The United States didn’t elect its first Black president until 2008, in the third CENTURY after gaining its independence from the United Kingom. Cuba, which had and continues to have racial problems of its own, elected its first black president in 1940, at a time when the island had only achieved formal and juridical, but not practical nor actual independence, from the United States of America. Actual independence, I would argue, only began on January 1, 1959, with the triumph of the Cuban Revolution.

Though I am non-Black, and can’t discuss racism from the same personal experience foundation that Blacks can, I’ve attempted to follow these issues for many years. I’ve traveled to Cuba and stayed for extended periods of time. In addition, I direct an Internet-based news service, CubaNews, available at http://groups. yahoo.com/ group/CubaNews/

Part of the work of the CubaNews list is to locate Cuban materials on these themes, and to make translations of them for the English-speaking public. Even as fierce an opponent of the Cuban Revolution as Carlos Moore has found himself citing my work and my personal website regarding these issues, as you can find in his recently-published autobiography, PICHON. (see the footnotes to the book)

Among the accomplishments of the CubaNews list has been locating and translating from Spanish to English articles on racism, which is a continuing problem, from the contemporary Cuban media. I’ll cite a few examples and hope that anyone interested in these matters, will take a look at what Afro-Cuban authors have had to say about them.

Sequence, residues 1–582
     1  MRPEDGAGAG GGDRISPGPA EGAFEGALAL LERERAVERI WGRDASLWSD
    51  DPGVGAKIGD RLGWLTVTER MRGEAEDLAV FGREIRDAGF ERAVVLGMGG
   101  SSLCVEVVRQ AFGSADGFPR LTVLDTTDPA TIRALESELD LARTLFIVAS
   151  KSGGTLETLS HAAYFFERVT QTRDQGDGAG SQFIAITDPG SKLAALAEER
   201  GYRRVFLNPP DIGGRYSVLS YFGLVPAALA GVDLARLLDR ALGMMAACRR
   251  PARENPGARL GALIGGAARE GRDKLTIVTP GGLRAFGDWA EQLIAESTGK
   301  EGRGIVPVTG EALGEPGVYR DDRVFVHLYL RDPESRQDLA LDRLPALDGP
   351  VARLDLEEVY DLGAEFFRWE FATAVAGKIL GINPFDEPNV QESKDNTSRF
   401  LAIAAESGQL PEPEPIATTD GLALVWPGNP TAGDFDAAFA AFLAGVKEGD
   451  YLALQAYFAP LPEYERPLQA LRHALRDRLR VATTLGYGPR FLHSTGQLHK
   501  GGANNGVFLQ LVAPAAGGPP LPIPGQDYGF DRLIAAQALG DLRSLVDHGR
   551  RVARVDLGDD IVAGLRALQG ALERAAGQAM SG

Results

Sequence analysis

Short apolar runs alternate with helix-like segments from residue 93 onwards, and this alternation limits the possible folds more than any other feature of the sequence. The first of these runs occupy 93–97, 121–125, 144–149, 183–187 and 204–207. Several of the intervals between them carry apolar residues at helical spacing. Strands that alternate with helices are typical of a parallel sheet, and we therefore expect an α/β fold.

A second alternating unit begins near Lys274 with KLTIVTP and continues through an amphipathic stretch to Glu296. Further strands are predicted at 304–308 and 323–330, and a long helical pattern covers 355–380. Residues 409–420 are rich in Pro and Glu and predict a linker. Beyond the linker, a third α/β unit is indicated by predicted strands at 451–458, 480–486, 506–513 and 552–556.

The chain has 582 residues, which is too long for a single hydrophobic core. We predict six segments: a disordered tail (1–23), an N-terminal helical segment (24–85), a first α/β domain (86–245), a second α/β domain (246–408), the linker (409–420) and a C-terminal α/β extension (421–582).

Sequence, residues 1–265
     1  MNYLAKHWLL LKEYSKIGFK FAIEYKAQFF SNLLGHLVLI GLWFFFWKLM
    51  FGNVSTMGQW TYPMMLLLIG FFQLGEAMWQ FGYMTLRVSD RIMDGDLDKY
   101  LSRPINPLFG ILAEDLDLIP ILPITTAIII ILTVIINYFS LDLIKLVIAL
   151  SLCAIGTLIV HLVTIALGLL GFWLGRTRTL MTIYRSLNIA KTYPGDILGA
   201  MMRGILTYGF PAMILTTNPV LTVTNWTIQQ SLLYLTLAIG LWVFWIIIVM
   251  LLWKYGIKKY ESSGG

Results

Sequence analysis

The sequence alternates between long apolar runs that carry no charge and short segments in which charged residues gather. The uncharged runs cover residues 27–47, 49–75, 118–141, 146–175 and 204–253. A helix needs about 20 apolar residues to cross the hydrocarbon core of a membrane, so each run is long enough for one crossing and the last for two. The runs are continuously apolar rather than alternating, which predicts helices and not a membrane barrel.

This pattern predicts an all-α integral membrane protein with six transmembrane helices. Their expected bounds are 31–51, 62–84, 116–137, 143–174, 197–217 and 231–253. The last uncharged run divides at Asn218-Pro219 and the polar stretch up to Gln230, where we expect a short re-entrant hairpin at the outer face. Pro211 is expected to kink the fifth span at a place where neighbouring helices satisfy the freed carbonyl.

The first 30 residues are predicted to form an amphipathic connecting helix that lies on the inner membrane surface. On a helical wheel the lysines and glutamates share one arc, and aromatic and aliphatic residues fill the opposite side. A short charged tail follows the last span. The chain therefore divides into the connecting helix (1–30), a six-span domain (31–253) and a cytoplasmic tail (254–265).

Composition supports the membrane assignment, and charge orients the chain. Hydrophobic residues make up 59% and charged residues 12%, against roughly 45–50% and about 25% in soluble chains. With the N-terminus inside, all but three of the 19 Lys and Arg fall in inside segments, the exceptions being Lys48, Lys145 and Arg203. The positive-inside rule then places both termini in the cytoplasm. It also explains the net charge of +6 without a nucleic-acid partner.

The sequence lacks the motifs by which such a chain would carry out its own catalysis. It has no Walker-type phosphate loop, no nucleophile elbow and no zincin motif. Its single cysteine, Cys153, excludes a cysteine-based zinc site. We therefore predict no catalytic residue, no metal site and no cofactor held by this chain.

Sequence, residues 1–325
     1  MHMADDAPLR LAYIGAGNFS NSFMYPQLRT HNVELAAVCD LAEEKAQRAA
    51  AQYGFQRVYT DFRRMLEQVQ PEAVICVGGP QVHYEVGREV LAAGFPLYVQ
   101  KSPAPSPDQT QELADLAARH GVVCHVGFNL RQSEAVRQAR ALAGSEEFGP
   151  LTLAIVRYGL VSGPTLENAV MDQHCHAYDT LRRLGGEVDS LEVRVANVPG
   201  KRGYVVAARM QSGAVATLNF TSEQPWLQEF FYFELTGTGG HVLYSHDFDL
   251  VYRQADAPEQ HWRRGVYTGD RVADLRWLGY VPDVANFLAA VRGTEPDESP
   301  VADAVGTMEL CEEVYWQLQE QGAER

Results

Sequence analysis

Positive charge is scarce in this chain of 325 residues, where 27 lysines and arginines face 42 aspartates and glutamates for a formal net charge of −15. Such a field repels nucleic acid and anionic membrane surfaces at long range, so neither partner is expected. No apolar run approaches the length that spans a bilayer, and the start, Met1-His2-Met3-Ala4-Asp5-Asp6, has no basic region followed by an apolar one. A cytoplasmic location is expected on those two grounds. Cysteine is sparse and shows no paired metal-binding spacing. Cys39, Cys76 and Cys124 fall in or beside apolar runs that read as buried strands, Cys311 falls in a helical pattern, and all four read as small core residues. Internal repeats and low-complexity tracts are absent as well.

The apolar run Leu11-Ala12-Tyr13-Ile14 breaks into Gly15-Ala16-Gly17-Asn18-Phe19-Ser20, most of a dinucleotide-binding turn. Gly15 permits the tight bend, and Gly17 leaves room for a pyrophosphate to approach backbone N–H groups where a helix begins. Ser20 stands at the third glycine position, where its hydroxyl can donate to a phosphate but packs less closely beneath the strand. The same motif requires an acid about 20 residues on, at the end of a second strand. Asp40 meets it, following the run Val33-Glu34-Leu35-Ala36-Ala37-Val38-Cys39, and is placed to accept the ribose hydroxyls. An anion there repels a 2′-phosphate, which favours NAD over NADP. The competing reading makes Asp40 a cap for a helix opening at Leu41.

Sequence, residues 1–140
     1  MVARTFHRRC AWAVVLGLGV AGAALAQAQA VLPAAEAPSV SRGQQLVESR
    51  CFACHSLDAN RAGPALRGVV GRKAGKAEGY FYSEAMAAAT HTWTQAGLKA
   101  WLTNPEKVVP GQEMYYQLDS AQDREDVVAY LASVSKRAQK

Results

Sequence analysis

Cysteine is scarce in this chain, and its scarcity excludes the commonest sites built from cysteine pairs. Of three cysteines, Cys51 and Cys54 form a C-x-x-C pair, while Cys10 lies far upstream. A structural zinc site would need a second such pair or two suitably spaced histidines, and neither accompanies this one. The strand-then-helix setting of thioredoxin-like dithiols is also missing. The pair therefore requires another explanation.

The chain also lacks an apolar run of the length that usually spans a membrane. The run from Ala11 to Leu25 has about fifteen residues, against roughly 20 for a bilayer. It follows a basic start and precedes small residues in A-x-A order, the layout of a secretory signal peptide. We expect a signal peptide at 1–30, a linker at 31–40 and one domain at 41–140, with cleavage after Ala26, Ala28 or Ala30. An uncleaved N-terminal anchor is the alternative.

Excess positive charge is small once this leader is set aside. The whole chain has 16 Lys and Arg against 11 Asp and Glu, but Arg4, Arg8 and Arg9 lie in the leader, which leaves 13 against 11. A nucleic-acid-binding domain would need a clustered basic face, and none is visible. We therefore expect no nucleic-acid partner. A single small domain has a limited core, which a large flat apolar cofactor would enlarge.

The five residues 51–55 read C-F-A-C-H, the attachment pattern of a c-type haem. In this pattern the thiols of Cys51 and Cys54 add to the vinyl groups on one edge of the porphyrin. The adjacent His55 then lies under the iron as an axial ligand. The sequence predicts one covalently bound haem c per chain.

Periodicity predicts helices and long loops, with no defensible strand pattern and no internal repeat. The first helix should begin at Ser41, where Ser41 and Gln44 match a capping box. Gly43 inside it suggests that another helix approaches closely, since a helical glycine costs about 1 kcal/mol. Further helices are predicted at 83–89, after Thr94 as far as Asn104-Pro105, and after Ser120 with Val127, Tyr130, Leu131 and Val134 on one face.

Thank you,

Walter Lippmann

Esteban Morales: Cuban Color
http://www.walterlippmann.com/docs2809.html

Esteban Morales: Challenges of the Racial Problem in Cuba:
http://www.walterlippmann.com/docs2296.html

Esteban Morales: Anti-Cuban Subversion – The Race Issue
http://www.walterlippmann.com/docs1516.html

Miguel Barnet: Preserving Memory:
http://www.walterlippmann.com/docs2091.html

David Gonzalez and Walterio Lord:
Some Quick Comments on Carlos Moore’s PICHON:
http://www.walterlippmann.com/docs2346.html

The Independent Party of Color:
http://www.walterlippmann.com/docs2080.html

The Teachings and Lineage of Walterio Carbonell:
http://www.walterlippmann.com/docs1911.html

Esteban Morales: Malcolm X – An Unyielding Revolutionary:
http://www.walterlippmann.com/docs1389.html

Fernando Martinez Heredia: Malcolm X Still Speaks to Us
http://www.walterlippmann.com/docs2430.html

Fernando Martinez Heredia: The Meaning of a Centennial
http://www.walterlippmann.com/docs2127.html

Fernando Martinez Heredia:
Social diversity is not a weakness of the nation,
but a very important element of its wealth.
http://www.walterlippmann.com/docs1769.html

Alberto N. Jones: Unmasking the Promotors of Racial War in Cuba
http://www.walterlippmann.com/docs1533.html

There are many, many more, but these are a few to get an interested reader started.

============ ========= ========= ========= ==
WALTER LIPPMANN
Los Angeles, California
Editor-in-Chief, CubaNews
http://groups. yahoo.com/ group/CubaNews/
"Cuba - Un Paraíso bajo el bloqueo"